W32.Gammima.AG worm infects NASA laptops

Viruses intended to steal passwords and send them to a remote server infected laptops in the International Space Station in July, NASA confirmed Tuesday. And according to NASA, this wasn't the first infection. “This is not the first time we have had a worm or a virus,” NASA spokesman Kelly Humphries said. “It's not a […]

Viruses intended to steal passwords and send them to a remote server infected laptops in the International Space Station in July, NASA confirmed Tuesday. And according to NASA, this wasn't the first infection. “This is not the first time we have had a worm or a virus,” NASA spokesman Kelly Humphries said. “It's not a frequent occurrence, but this isn't the first time.”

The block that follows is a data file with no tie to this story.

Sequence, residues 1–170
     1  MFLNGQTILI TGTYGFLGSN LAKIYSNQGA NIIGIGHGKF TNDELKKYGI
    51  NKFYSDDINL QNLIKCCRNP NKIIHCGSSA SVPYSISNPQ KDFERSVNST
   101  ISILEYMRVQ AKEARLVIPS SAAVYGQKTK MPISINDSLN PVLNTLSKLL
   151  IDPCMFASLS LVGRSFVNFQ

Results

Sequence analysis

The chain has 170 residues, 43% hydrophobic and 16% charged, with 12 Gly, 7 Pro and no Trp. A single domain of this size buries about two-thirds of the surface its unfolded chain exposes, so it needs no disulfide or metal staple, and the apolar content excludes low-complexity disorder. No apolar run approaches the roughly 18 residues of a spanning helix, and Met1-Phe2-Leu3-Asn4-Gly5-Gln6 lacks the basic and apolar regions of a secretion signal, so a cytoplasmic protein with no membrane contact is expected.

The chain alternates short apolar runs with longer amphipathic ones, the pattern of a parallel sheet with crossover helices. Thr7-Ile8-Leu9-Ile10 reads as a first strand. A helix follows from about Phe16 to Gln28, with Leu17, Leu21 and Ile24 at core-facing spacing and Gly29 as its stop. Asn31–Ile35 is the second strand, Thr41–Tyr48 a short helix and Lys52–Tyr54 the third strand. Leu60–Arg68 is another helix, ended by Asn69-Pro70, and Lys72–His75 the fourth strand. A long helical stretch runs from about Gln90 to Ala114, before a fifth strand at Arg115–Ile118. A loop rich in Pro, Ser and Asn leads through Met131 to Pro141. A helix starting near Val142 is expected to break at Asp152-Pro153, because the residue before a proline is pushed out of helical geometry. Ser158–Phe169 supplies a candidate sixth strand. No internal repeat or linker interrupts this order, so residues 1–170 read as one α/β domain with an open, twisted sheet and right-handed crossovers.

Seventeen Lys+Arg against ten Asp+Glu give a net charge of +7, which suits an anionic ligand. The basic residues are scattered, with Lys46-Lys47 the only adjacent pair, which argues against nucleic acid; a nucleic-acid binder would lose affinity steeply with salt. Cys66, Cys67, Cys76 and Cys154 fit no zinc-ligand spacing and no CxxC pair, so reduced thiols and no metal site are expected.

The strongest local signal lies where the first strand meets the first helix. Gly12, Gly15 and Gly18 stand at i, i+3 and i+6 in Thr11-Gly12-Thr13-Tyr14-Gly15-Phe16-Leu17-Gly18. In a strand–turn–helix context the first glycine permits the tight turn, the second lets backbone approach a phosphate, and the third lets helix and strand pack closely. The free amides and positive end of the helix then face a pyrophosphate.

NASA downplayed the news, calling the virus mainly a “nuisance” that was on non-critical space station laptops used for things like e-mail and nutritional experiments.

NASA and its partners in the space station are now trying to figure out how the virus made it onboard and how to prevent that in the future, according to Humphries.

NASA declined to name the virus, but SpaceRef.com, which broke the story, reported that the worm was W32.Gammima.AG worm -- a worm first detected in August 2007 that installs software that steals credentials for online games.

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